History Today subscription

The Opponents of King John

For the cogent reasons explained here by Anthony Beadles, the revolt against King John was led largely by the Northern barons.

The rebellion against King John that produced Magna Carta is as well-known an event as any in medieval English history, commemorated both in this country and in the United States by memorials and exhibitions. People flock to Runnymede to catch some aura of the event. Yet you will not find there any record of the men who really created Magna Carta - I do not mean the mediators like Marshal and Langton, but those who forced John into accepting the terms: the opponents of the King. They remain remarkably anonymous.

Yet this was a great rebellion: it involved a large part of the English baronage; it captured the capital of the kingdom; it invited the French Dauphin to claim the throne; it went on past John’s death until it ended in the streets of Lincoln in 1217; and it produced the great medieval document - Magna Carta. Yet it has no heroic leader to become a legend, not even a Robert of Gloucester or a Strongbow, certainly not a Simon de Montfort or a Richard of York. There is no one whose statue could be put up outside Westminster Hall.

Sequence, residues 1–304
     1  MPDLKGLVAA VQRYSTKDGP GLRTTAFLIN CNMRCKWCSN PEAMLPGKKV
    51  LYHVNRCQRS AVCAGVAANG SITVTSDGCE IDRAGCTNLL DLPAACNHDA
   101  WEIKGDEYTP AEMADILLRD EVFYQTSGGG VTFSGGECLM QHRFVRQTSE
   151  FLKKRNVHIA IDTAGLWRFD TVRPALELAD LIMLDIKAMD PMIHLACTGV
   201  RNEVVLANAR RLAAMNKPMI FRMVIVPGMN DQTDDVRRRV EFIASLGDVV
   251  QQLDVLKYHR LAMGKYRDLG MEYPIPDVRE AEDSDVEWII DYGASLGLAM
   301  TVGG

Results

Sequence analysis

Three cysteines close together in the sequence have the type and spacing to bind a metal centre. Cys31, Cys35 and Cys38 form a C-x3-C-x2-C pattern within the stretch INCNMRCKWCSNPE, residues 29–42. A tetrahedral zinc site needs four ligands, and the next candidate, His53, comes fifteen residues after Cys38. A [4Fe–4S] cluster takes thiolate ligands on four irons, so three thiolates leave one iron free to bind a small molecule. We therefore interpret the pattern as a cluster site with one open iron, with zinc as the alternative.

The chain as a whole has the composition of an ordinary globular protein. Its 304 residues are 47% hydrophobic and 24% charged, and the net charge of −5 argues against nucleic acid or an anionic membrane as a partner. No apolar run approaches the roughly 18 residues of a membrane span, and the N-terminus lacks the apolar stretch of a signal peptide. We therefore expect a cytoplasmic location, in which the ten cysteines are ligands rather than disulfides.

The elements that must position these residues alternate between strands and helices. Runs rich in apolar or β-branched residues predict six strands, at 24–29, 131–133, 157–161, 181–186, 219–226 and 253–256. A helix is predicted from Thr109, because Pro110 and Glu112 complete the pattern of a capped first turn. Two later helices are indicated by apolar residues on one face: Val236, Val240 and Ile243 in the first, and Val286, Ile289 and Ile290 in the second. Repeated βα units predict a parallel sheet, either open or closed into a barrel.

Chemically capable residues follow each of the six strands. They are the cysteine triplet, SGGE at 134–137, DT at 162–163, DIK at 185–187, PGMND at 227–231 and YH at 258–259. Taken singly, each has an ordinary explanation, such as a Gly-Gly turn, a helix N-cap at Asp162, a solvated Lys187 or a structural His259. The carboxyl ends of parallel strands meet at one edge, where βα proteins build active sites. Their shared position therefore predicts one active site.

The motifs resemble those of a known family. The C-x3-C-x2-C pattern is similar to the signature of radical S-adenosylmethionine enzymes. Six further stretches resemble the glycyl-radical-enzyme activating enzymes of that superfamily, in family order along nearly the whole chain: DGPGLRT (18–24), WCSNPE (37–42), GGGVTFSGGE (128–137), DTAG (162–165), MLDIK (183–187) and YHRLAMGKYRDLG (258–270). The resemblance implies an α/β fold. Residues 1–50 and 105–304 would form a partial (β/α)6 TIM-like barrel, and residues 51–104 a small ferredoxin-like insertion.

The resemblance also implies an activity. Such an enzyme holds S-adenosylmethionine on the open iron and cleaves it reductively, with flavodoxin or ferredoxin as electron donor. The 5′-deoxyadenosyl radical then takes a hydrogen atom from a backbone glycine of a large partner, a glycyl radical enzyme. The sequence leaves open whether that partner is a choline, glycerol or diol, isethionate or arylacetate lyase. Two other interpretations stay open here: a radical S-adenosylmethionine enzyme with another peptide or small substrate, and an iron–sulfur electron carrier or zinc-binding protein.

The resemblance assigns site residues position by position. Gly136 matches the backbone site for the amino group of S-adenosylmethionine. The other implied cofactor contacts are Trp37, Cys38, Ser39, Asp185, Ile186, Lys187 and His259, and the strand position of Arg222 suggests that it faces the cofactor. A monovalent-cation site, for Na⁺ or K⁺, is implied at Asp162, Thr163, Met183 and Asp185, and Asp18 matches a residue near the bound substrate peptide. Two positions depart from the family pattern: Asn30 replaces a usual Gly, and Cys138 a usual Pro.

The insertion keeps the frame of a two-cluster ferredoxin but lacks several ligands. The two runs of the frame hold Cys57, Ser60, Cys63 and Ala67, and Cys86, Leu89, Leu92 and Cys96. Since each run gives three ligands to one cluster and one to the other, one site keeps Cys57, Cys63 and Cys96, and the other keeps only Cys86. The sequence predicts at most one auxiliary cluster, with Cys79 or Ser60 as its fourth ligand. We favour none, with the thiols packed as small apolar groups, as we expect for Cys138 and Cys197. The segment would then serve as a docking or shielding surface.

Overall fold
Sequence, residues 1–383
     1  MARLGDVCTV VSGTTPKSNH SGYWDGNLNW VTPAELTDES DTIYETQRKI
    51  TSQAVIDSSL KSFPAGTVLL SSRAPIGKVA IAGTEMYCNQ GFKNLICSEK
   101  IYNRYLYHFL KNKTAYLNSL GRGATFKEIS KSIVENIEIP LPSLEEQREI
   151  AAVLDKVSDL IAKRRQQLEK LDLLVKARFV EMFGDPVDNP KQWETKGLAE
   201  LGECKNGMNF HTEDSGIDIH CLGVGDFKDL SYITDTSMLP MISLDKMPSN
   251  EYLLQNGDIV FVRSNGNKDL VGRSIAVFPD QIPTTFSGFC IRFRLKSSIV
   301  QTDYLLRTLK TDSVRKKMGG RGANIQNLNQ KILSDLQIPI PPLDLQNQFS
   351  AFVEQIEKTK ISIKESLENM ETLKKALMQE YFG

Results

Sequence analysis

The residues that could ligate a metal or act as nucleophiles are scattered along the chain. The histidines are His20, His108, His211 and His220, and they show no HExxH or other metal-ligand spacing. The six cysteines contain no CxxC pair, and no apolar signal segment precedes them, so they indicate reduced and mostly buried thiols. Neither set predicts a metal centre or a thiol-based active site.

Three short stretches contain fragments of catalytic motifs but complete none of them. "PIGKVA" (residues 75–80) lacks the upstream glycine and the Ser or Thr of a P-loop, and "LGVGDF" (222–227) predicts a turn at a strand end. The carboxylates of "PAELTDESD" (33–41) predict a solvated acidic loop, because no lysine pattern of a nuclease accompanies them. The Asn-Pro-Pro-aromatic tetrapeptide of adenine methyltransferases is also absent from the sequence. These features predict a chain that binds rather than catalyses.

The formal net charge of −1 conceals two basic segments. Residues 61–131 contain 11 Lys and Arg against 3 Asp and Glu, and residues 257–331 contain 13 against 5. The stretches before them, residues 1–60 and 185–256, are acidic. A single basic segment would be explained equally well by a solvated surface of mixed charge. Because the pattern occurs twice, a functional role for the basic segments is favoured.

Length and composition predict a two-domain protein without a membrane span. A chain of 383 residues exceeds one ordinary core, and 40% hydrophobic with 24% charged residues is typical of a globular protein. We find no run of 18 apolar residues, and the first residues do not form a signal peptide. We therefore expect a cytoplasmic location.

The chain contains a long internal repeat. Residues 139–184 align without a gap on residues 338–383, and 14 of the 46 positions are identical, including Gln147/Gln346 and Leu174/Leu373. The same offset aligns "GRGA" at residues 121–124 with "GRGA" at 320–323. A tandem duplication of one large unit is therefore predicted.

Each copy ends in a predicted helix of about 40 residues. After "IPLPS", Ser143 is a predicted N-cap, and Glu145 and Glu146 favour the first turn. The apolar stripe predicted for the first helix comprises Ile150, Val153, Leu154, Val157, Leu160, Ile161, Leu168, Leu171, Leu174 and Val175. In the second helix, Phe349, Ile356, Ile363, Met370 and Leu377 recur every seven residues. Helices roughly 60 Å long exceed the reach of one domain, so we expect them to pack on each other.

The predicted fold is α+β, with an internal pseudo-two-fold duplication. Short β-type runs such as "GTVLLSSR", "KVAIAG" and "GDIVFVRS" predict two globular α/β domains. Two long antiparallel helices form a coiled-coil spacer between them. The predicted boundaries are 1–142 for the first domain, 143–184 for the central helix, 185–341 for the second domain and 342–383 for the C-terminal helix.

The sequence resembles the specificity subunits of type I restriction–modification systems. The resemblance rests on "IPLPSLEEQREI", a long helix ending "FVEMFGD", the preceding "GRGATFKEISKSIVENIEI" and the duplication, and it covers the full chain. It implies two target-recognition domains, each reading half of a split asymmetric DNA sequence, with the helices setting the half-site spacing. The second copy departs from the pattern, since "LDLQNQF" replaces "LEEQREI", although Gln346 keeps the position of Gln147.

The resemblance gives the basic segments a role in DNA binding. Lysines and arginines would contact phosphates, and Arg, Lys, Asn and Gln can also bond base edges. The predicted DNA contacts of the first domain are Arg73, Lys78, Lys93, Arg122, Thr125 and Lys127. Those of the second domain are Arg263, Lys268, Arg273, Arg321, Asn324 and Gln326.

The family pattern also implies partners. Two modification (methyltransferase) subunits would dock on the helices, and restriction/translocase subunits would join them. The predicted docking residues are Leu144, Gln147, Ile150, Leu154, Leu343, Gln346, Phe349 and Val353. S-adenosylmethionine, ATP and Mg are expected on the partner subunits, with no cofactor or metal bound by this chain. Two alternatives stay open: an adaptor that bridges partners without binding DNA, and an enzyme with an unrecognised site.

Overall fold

This lack of a striking personality in the ranks opposing John tells us immediately something about the nature of the reign for the historian -its dearth of records. John’s reign was not well served by the chroniclers. The great period of historical writing seems to have come to an end around 1202. Unlike his father and brother, John had no close companions who wrote his life. Gerald of Wales, Walter Map, William of Newburgh, Adam of Eynsham, John of Salisbury were all dead or had ceased work.

To continue reading this article you will need to purchase access to the online archive.

Buy Online Access  Buy Print & Archive Subscription

If you have already purchased access, or are a print & archive subscriber, please ensure you are logged in.

Please email digital@historytoday.com if you have any problems.

 

X

Get Miscellanies, our free weekly long read, in your inbox every week